TRNC stamps are no longer a problem for later visits to Greece or Cyprus for EU citizens.
Beware that if you are not an EU/EFTA citizen and you enter the island at the north, the officials in the south may deny you entry, although they only perform spot checks that may be cursory (i.e. they may not check your stamps).
The Ledra Palace crossing, previously a pedestrian-only crossing for non-dplomats, can now be used by ordinary cars.
Northern Cyprus main airport is called Ercan Airport. All flights are connected from Turkey. This means all flights (including charters) must touch down in Turkey before continuing to Ercan. Scheduled flights on Turkish Airlines, Atlasjet and Pegasus connect via various destinations in Turkey, and countries such as the UK, Germany and Iran.
It is also possible to fly to airports in southern Cyprus (Larnaca is the closest) and take a taxi to the north, crossing the Green Line near Nicosia. It is best to have a travel operator arrange for a taxi from the north to collect you, since Greek Cypriot taxi drivers may not be willing to take tourists to the north.
Alternatively - to avoid paying a "travel operator" - you can walk across the border at Ledra Street. There is a small tourist information "kiosk" on the left as soon as you cross.
It is also possible to take a taxi to the Ledra Palace crossing and arrange for a rental car to be delivered to you on the northern side.
Frequent ferry services operated by Fergün Shipping  connect Kyrenia to Alanya and Taşucu in Turkey. The only car ferry service is via Taşucu, and the fast ferry to and from Alanya only operates in the summer. There are occasional ferries to other destinations in Turkey as well.
You can enter northern Cyprus (TRNC) with a rental car from the South at six of the eight(see below) border crossing points. However, you will need to purchase car insurance for the north at the border (€20 for three days €35 for one month); this is due to the fact that the insurance companies and police departments of both sides do not co-operate. See details on crossing the Green Line below.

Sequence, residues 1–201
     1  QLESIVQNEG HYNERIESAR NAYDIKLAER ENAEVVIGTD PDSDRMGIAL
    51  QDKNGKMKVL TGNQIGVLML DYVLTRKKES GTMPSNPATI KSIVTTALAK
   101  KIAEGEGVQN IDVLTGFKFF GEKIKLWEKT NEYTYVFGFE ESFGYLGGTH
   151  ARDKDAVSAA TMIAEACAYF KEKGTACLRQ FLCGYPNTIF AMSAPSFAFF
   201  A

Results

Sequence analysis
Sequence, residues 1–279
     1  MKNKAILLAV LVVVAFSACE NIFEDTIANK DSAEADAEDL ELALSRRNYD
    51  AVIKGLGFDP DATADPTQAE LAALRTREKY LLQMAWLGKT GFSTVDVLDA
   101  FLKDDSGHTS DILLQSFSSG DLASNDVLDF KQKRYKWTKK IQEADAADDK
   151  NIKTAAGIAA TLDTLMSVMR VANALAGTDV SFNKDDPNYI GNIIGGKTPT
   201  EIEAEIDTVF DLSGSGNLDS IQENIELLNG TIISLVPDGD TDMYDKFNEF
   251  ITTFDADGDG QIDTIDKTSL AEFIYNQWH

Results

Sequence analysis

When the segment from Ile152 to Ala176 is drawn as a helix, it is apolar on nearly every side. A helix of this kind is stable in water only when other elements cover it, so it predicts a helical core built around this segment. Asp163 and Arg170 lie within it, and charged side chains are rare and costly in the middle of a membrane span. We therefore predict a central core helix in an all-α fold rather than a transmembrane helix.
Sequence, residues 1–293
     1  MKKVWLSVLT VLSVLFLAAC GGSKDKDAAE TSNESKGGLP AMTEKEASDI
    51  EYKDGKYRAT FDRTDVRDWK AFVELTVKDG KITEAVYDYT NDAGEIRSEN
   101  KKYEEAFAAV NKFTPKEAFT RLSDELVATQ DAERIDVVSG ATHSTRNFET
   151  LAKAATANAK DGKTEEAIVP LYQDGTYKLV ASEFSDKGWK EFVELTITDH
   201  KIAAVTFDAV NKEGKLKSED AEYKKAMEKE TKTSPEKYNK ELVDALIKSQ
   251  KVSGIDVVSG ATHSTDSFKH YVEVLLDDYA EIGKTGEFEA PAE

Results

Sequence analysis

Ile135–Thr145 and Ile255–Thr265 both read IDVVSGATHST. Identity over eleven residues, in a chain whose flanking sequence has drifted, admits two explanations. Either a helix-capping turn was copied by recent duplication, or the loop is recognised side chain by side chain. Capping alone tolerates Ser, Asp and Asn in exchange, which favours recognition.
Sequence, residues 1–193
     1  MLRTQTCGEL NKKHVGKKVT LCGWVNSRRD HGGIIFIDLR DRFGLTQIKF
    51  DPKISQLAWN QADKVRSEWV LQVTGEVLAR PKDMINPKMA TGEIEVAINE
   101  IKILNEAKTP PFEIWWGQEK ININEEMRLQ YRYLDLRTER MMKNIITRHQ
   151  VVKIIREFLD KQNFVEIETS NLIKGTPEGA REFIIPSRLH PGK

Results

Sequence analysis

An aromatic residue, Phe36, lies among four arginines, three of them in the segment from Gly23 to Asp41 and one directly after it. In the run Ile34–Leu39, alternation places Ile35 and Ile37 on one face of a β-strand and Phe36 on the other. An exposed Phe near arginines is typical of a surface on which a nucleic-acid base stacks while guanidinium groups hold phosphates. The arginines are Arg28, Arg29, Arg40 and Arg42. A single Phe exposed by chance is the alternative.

Since you need to have Turkish Cypriot car insurance to drive in the north (Cypriot car insurance is not acceptable), it is important to know the working hours of insurance people at the border crossing points. Being the busiest crossing point, Agios Dometios/Kermia/Metehan crossing point in Nicosia offers the most extended hours. Here, the insurance people work 7 days a week from 08:00 to late at night usually till 24:00. At the rest of the crossing points, insurance people work from 08:00 to 17:00 7 days a week. On the other hand, immigration officers of the north and south work 24 hours a day all year long. So as long as you have Turkish Cypriot car insurance and your passports (IDs are acceptable for nationals of EU countries and Turkey) with you, you can enter north Cyprus (TRNC) any time.
It should be noted, though, a few of the Cypriot car rental companies can refuse to hire a car if they know that it will be driven to the north. In one reported case (admittedly in 2005 or 2006), a rental company refused to release a pre-booked car because the tourists had a hotel address in north Cyprus.